There is still a long way to go, unfortunately. I'm surprised those remarks were made in Canada since I suppose I have a higher opinion of Canadians than those remarks warrant. When I was involved with a black guy (I'm white) over a decade ago, people would ask if we planned to stay here in the South. I asked them where in the world was free of racism, and that we preferred to stay here where people knew us and we could tell who our friends were. There were no overt problems, but we did get "those looks" from some people. It's an interesting sociological study to see how ignorant some people can be. They need to get over all that as well as prejudice against gay people and concentrate on something actually important.

Simply Coll said...

I am so sorry these things happened to you. There are no excuses for this type of behaviour.

ell said...

Joy, I think there is racism everywhere, some places more blatant than others. Coll, thank-you for your sentiments.

I don't want to sound like I'm looking for sympathy. These things happen in one form or another to many more people than we'd like to admit. One of the reasons I wrote this is to remind people racism still exists - it's just not as obvious as twenty or thirty years ago.

If we care about human dignity and believe that people shouldn't be judged by the colour of their skin, then it behooves us as individuals to guard against racism - starting with ourselves - in the way we treat others; what we teach our children; and not let others off the hook for racist remarks and behaviour.

Cate said...

Bravo, Ell. I, too, am sorry that those things happened to you, and I agree with what you say: we have a long way to go. Thank you for being brave and writing about this topic!

Hay said...

I assume racism is ignorance. It's easy to hate and blame what you don't understand or know anything about. Sadly it's something some parents manage to pass onto their children. I knew a kid who found it amusing to create black characters in "the sims" and then let them burn in their house. Seing that display from a kid made me pretty sure that racism is still very real.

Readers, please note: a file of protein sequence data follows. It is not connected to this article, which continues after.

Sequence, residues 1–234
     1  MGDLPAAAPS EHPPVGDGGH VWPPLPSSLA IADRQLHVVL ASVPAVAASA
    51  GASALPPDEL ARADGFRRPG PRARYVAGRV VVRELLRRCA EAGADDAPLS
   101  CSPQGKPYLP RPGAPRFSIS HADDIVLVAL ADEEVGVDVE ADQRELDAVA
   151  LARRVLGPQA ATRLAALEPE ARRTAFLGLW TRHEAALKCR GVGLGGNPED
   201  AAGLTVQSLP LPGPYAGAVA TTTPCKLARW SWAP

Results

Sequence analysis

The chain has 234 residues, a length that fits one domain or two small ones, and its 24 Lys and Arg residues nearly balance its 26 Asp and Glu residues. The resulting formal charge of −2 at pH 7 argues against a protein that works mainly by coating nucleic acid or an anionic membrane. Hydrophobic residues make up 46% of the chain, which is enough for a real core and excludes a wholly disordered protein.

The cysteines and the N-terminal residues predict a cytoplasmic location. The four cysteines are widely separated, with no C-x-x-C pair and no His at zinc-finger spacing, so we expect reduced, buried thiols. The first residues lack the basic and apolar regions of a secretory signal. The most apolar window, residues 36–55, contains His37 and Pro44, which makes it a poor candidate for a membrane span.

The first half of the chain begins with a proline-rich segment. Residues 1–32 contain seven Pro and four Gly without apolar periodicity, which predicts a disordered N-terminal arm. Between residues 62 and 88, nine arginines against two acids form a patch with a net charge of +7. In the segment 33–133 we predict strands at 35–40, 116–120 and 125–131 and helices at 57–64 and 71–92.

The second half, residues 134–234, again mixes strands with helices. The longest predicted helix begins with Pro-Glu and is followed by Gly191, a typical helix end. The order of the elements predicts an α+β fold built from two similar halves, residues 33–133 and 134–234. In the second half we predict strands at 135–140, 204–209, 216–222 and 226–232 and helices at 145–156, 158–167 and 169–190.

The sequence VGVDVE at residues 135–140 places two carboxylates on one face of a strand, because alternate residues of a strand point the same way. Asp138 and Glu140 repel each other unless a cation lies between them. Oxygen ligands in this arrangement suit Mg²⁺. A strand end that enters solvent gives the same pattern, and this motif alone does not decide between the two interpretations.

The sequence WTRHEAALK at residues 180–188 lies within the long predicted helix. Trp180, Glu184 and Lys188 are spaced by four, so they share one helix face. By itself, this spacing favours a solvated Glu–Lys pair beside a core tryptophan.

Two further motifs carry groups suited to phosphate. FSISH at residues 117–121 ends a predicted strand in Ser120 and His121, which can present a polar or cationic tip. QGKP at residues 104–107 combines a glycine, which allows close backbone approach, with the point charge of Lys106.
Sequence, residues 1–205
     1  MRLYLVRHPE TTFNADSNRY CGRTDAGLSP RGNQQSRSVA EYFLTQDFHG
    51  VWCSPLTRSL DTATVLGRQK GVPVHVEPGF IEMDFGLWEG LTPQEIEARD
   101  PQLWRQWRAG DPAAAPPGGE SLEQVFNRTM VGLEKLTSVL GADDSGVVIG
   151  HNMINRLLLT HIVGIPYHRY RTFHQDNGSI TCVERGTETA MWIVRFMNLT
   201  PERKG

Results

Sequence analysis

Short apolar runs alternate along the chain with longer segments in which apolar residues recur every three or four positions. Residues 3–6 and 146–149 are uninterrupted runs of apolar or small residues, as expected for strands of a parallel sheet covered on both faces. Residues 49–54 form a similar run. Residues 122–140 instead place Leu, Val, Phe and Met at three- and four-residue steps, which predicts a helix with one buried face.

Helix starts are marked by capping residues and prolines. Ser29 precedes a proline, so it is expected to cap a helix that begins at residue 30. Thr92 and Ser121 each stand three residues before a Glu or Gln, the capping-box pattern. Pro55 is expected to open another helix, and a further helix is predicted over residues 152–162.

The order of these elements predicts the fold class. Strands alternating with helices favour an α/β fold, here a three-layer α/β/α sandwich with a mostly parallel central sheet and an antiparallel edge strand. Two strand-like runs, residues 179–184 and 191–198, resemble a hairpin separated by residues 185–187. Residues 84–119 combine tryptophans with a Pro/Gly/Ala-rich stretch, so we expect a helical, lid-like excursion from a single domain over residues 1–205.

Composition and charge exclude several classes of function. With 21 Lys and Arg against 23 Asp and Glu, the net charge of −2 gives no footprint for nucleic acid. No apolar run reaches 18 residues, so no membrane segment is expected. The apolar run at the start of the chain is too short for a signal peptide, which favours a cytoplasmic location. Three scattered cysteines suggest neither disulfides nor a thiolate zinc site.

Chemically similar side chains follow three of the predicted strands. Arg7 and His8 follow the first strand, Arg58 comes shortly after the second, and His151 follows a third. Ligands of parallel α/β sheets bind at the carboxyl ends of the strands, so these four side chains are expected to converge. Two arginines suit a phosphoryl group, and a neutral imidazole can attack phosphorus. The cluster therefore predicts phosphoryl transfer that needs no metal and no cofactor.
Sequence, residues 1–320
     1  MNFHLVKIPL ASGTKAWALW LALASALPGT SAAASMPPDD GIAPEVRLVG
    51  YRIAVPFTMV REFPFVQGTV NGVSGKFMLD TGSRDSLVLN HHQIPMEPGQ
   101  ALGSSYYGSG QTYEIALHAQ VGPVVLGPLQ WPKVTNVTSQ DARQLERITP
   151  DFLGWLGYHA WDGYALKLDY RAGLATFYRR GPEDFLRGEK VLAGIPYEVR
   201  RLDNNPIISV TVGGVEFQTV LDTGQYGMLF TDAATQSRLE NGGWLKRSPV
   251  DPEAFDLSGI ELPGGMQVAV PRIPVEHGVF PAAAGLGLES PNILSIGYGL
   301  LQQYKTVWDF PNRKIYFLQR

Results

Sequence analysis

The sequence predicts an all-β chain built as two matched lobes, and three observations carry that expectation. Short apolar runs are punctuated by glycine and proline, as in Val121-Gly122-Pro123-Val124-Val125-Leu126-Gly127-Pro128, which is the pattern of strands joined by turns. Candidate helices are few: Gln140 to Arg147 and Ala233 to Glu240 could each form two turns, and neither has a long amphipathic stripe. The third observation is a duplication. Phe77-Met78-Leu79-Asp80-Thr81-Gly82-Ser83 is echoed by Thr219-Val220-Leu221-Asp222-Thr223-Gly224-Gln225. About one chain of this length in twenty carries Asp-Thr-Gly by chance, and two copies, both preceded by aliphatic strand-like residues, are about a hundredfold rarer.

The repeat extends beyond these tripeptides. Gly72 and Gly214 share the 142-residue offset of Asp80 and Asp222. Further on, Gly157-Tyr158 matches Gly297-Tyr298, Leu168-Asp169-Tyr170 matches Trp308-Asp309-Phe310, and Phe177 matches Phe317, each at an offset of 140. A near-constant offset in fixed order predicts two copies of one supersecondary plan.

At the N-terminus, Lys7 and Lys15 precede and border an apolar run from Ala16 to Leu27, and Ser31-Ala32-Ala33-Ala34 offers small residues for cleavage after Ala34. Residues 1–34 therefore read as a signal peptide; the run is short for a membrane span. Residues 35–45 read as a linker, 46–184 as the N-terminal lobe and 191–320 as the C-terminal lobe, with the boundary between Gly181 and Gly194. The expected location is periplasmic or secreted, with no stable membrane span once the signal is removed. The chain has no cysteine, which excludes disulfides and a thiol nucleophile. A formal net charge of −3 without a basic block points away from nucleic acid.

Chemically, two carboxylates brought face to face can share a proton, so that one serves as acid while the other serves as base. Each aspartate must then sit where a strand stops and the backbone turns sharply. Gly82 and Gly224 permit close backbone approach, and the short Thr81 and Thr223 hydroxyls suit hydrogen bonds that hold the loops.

I don't understand why people can hate others based on colour or anything else for that matter. It's hard to be completely free from any kind of prejudice, I know I have some, but I try to become aware of what they are so I can correct myself each time I think that way. I've never really seen you as anything but white, I've never read anything to let me know different, and white is what I'm used to. Now I'm wondering if it has changed anything about how I think about you. My image of you has certainly changed, but I doubt my perception of your personality has changed at all. Question is if I would have formed a different perception of your personality if I've know from the first.

Colour only has as much significance as society lets it have, but sadly that is still a lot.

ell said...

Hay, you bring up an interesting point about what your perception of me would be if you'd known from the start that I wasn't white. It's also one of the reasons I don't want it to be an obvious focus. I'd prefer that my words convey who I am before the colour issue gets in the way.

It's also interesting to note that the people who've picked up on my non-whiteness the quickest are not white themselves. I haven't quite figured that one out yet.

Hay said...

I think part of it is that when you are white you don't really give colour a lot of thought.

Wenda said...

Ell, I appreciate your writing about racism. When I read of your experiences and of anyone dismissing your experience and denying the existence and pain of racism, I feel sad and angry and discouraged because I want to live in a world where we see each other so much more deeply and lovingly and I am reminded that we don't.